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John McCain’s road to the Whitehouse

July 2, 2007

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How the senator from Arizona can pull his campaign back from the brink

As I have said in a previous article, John McCain is the strongest candidate out of all those who have declared or are likely to declare. His campaign is also in serious trouble with fundraising figures that are likely to be extremely disappointing and Giuliani, and now Fred Thompson, ahead of him the polls. The defeat of the immigration reform bill that McCain helped to construct, mainly due to pressure from the Republican grassroots, also appears to be a blow for his campaign.

Be less defensive – This may seem a strange piece of advice given that many commentators believe that his candour on Iraq and Immigration has cost him his frontrunner status. However, McCain’s problem is that he seems to fail to produce appropriate rhetoric to match the substance of his message. For instance, his attempts to argue the case for a much needed immigration amnesty were hampered by his attempts to emphasise the enforcement elements of his bill. Similarly, his talk about a ‘humble’ foreign policy undermines his message about a need to defeat Islamist terror abroad. This doesn’t mean that McCain has a secret Isolationist agenda but it does mean that his preference for couching radical policies in defensive language is handicapping his ability to promote his agenda. The most memorable moments of his campaign, and those which have highlighted his ‘straight-talking’ image, were his comments about possible military action against Iran (his “Barbara Ann” joke) and his comments during the recent Republican debate about the number of Mexican-American’s killed in Vietnam. Whatever the commentators say, McCain needs a lot more of those moments.

Aim for the centre – After eight years of George Bush America has moved noticeably to the left on issues such as poverty, corruption and healthcare. Ironically, McCain seems to have moved in the opposite direction on both social and economic issues. While this is more perception that reality, McCain has both a strong legislative record on healthcare and his opposition to Bush’s tax cuts and an advanced recognition of the social consequences of failing to grant legal status to immigrants, he has co-opted much of the rhetoric of the right. It is difficult to reconcile a call for fiscal responsibility and a belief that, ‘one of the great challenges we may face in the 21st century is this failure to close the gap between the richest and the poorest … particularly at a time when we’ve had a very healthy economy and low employment’, with the rhetoric of Arthur Laffer. This is not a suggestion that McCain should go to the extremes of John Edwards but rather that he needs to outline sensible centrist solutions, such as a rebalancing of the tax code away from hardworking families (i.e raising the top rate of tax but cutting the bottom rates) and a balanced expansion of healthcare coverage. He also needs to broaden his critique of corruption and pork-barrel spending to encompass tax evasion and a reinvigoration of the antitrust laws.

Fire the staff and consultants from Bush’s campaign – If there is one issue that has prompted cynicism from his supporters is his decision to employ many of the consultants from the Republican establishment, including those who ran a vicious smear campaign against him. Indeed, his willingness to overlook the personal nature of the attacks that many of those now working for him employed against him, while highlighting that he is strong enough to put aside grudges, opens McCain up to charges of Dukakis style weakness. In any case, while keeping them on his payroll may have made strategic sense when he was the undisputed frontrunner for the nomination and the only alternative to Giuliani, the same logic no longer applies now that Fred Thompson has emerged as an elect able and conservative alternative. You even have to wonder, given the level to which they descended in 2000 and their previous affiliation with Bush, whether they even have any interest in a McCain victory, something no candidate should have to ask about his staff. In any case they are patently unable to take part in the style of campaign that McCain now needs to wage and should be fired for that reason alone.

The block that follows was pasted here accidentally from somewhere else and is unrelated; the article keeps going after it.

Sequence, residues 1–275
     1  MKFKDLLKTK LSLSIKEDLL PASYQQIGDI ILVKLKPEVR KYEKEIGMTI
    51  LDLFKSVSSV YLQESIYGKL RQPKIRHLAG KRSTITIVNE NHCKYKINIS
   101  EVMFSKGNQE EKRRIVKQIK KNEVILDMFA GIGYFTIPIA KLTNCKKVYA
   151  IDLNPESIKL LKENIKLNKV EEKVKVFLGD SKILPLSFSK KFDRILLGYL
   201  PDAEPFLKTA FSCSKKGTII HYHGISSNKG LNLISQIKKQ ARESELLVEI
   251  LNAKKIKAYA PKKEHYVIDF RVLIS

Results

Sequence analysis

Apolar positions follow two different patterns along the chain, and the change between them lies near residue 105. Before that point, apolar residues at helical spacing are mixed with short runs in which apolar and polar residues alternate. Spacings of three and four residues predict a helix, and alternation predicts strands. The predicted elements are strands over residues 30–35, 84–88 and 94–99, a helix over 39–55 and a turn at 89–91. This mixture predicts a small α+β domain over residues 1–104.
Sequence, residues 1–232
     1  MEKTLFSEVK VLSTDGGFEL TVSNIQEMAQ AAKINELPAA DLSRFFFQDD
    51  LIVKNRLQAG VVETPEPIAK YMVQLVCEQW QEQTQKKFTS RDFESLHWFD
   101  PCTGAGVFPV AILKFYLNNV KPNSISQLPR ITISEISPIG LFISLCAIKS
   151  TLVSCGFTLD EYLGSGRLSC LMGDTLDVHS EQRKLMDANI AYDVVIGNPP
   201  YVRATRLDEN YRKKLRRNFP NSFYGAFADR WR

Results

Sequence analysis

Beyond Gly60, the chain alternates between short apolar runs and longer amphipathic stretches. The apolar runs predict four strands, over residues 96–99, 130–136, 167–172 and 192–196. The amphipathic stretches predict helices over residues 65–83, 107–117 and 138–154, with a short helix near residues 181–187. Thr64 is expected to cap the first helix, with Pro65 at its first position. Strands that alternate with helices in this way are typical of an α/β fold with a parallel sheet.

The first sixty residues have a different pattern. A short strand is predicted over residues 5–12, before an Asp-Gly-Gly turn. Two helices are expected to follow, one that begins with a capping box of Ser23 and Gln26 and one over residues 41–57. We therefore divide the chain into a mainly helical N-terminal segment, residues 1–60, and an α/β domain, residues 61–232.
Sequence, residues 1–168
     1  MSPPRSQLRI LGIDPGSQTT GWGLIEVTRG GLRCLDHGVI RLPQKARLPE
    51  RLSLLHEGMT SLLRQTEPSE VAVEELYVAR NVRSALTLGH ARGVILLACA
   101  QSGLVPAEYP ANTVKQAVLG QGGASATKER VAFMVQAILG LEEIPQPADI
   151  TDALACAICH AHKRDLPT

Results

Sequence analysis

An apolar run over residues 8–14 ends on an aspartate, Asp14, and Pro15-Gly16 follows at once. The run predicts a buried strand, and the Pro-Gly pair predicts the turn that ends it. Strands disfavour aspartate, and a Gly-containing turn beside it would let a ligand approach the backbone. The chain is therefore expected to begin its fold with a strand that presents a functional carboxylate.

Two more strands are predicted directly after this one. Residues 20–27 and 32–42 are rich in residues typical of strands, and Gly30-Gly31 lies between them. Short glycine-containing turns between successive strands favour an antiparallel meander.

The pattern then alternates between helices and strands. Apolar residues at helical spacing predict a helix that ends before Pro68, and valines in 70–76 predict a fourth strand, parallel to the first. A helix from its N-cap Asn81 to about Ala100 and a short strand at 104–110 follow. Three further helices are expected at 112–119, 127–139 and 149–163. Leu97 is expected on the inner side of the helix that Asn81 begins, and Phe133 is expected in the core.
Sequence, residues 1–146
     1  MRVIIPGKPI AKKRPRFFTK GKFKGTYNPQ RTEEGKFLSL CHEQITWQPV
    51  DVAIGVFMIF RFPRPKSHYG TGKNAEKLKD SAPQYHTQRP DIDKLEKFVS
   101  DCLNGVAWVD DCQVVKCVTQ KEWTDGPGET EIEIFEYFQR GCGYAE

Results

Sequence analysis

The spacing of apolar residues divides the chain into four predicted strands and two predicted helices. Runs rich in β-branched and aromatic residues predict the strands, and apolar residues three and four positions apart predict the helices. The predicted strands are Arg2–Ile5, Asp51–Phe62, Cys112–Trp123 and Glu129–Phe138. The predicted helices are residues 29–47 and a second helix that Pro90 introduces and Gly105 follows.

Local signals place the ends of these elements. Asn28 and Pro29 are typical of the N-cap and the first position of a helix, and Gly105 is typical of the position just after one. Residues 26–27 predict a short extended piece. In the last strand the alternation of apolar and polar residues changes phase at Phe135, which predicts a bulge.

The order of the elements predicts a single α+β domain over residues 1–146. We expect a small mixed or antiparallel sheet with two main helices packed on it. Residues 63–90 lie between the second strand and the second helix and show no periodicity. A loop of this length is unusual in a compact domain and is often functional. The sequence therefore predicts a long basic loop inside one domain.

Contemplate an independent run – Although Bloomberg’s ego trip might have seemingly reduced the viability of this option I believe that either media interest will have dwindled by around October or Bloomberg himself will have pulled out. In any case a McCain independent candidacy, unlike that of Bloomberg, would have had a basic level of support of around 20-25% and if he was able to push the Republican nominee into third place early on (not an impossible task) he could force Republicans to tactically rally around him (as they did with Lieberman in 2006). The upside of contemplating an independent run would be that it would force him to appeal the centre rather than trying to aim his message at all parts of the Republican Party.

My guess is that McCain is about 60% likely to realise that he needs to change course before it is too late and if he does there is a 40% likelihood that he will win the Republican nomination. If he doesn’t then his chances are about 5%. If he does change his campaign and doesn’t win I would say he has a 50% likelihood of running as an independent. Assuming that he has about a 25% likelihood of winning the White House as an independent and 60% of the Republican nominee produces a likelihood of winning the nomination and a 22.5% chance of becoming President.

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